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For case study 2, the wind field changes of bridge hangers at different heights under the wind direction angle 30°/150° are calculated, as shown in Figure 5. As can be seen from Figure 5, the maximum and minimum wind speeds are also different at different heights. Specifically, when the height *z* is 10 m, the maximum wind speed is 20.5 m/s and the minimum wind speed is 17.2 m/s; when the height *z* is 5 m, the maximum wind speed is 20.7 m/s and the minimum wind speed is 16 m/s; when the height *z* is 3 m, the maximum wind speed is 20.8 m/s and the minimum wind speed is 15.9 m/s; and when the height *z* is 1 m, the maximum wind speed is 20.7 m/s and the minimum wind speed is 15.1 m/s.

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Especially, the fixed end of the top hanger is selected as the reference point and the von Mises stress changes between different hangers are compared, which can be seen in Figure 6. The maximum von Mises stress of the long hanger is 8.187 MPa and the minimum is 0.136 MPa; the maximum von Mises stress of the short hanger is 0.931 MPa and the minimum is 0.003 MPa.

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For case study 3 (the wind direction angle is 60°/120°), as can be seen from Figure 7, when the height *z* is 10 m, the maximum wind speed is 20.4 m/s and the minimum wind speed is 16.8 m/s; when the height *z* is 5 m, the maximum wind speed is 20.5 m/s and the minimum wind speed is 15.9 m/s; when the height *z* is 3 m, the maximum wind speed is 20.4 m/s and the minimum wind speed is 15.1 m/s; when the height *z* is 1 m, the maximum wind speed is 20.4 m/s and the minimum wind speed is 14.6 m/s.

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Likewise, the fixed end of the top of the bridge hanger is selected as the reference point. The maximum von Mises stress of the long hanger is 7.768 MPa and the minimum von Mises stress is 0.088 MPa; the maximum von Mises stress of the short hanger is 1.144 MPa and the minimum von Mises stress is 0.018 MPa, as shown in Figure 8.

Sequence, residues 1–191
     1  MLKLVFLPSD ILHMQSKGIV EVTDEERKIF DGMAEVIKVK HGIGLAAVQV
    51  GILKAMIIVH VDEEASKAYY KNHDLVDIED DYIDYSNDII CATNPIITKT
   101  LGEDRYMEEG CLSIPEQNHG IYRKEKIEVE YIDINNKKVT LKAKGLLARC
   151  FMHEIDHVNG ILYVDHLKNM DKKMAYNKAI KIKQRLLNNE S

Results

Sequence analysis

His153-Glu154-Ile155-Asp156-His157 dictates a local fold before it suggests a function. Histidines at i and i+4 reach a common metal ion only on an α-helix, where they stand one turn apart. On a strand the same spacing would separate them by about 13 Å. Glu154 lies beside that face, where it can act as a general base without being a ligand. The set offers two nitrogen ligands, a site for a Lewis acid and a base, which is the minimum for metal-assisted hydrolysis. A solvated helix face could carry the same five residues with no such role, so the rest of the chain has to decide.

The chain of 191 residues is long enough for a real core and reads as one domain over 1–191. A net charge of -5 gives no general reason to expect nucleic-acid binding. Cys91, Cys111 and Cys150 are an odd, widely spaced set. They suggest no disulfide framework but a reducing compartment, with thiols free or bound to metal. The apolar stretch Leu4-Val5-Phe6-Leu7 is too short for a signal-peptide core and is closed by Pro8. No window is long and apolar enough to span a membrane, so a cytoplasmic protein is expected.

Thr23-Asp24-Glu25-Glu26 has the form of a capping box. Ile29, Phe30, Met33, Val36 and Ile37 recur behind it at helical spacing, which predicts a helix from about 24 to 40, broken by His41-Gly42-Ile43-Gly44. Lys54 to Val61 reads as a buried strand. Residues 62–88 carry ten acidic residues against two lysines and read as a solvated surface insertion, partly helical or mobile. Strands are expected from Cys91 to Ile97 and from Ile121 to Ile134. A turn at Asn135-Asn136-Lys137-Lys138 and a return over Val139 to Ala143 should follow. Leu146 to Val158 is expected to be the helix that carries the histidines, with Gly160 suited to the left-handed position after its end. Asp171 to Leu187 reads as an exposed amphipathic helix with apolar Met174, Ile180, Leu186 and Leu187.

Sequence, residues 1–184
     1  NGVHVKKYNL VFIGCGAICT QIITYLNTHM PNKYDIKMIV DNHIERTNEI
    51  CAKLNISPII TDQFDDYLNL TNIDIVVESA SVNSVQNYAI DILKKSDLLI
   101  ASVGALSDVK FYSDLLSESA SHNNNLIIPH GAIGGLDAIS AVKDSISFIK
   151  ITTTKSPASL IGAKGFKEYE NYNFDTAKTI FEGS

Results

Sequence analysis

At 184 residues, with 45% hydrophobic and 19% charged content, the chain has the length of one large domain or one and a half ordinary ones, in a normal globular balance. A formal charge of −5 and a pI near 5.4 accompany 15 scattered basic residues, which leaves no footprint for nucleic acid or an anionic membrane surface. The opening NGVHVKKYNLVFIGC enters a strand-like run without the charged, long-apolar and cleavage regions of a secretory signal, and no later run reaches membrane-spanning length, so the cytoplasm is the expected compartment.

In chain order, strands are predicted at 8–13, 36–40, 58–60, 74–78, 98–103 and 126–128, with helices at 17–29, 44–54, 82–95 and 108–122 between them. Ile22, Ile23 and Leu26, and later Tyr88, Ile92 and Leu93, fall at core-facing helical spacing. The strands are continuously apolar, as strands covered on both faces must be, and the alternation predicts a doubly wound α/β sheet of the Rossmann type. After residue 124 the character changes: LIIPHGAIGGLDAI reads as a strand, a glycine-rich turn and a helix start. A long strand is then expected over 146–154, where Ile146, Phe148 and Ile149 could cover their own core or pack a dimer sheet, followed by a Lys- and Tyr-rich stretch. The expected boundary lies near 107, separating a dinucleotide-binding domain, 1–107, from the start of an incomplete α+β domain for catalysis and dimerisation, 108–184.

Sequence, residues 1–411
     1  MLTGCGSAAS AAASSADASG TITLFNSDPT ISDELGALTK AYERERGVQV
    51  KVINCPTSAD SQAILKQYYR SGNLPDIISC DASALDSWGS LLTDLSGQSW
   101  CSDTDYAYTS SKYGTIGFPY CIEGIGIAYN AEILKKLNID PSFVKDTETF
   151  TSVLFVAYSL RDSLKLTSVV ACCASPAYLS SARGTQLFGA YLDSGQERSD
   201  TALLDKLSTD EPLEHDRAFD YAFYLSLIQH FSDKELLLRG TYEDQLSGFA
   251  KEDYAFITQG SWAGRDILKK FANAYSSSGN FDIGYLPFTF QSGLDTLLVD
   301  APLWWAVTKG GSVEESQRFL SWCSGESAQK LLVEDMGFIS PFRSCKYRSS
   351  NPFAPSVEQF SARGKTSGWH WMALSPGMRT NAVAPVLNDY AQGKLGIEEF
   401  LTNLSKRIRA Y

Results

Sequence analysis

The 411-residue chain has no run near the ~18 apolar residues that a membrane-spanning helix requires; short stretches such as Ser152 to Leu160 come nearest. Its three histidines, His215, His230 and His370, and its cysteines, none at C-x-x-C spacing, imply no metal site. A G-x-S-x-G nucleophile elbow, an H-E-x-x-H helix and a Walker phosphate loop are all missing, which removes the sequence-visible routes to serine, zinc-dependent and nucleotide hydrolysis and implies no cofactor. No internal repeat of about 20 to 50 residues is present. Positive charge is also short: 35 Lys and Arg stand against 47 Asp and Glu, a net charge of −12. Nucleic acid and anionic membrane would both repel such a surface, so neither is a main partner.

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The wind field changes of bridge hangers at different heights under the wind direction angle 90° are calculated as case study 4. As can be seen from Figure 9, when the height *z* is 10 m, the maximum wind speed is 20.5 m/s and the minimum wind speed is 11.9 m/s; when the height *z* is 5 m, the maximum wind speed is 20.5 m/s and the minimum wind speed is 13.3 m/s; when the height *z* is 3 m, the maximum wind speed is 20.6 m/s and the minimum wind speed is 13.9 m/s; and when the height *z* is 1 m, the maximum wind speed is 20.5 m/s and the minimum wind speed is 13.5 m/s.

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As can be seen from Figure 10, the maximum von Mises stress of the long hanger is 15.844 MPa and the minimum von Mises stress is 0.091 MPa; and the maximum von Mises stress of the short hanger is 1.319 MPa and the minimum von Mises stress is 0.016 MPa.

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For case 5 (the wind direction angle is 210°/330°), as can be seen from Figure 11, when the height *z* is 10 m, the maximum wind speed is 20.5 m/s and the minimum wind speed is 16.8 m/s; when the height *z* is 5 m, the maximum wind speed is 20.5 m/s and the minimum wind speed is 16.1 m/s; when the height *z* is 3 m, the maximum wind speed is 20.5 m/s and the minimum wind speed is 15.2 m/s; and when the height *z* is 1 m, the maximum wind speed is 20.6 m/s and the minimum wind speed is 14.6 m/s.

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The maximum von Mises stress of the long hanger is 8.263 MPa and the minimum von Mises stress is 0.084 MPa; the maximum von Mises stress of the short hanger is 1.156 MPa and the minimum von Mises stress is 0.016 MPa, as shown in Figure 12.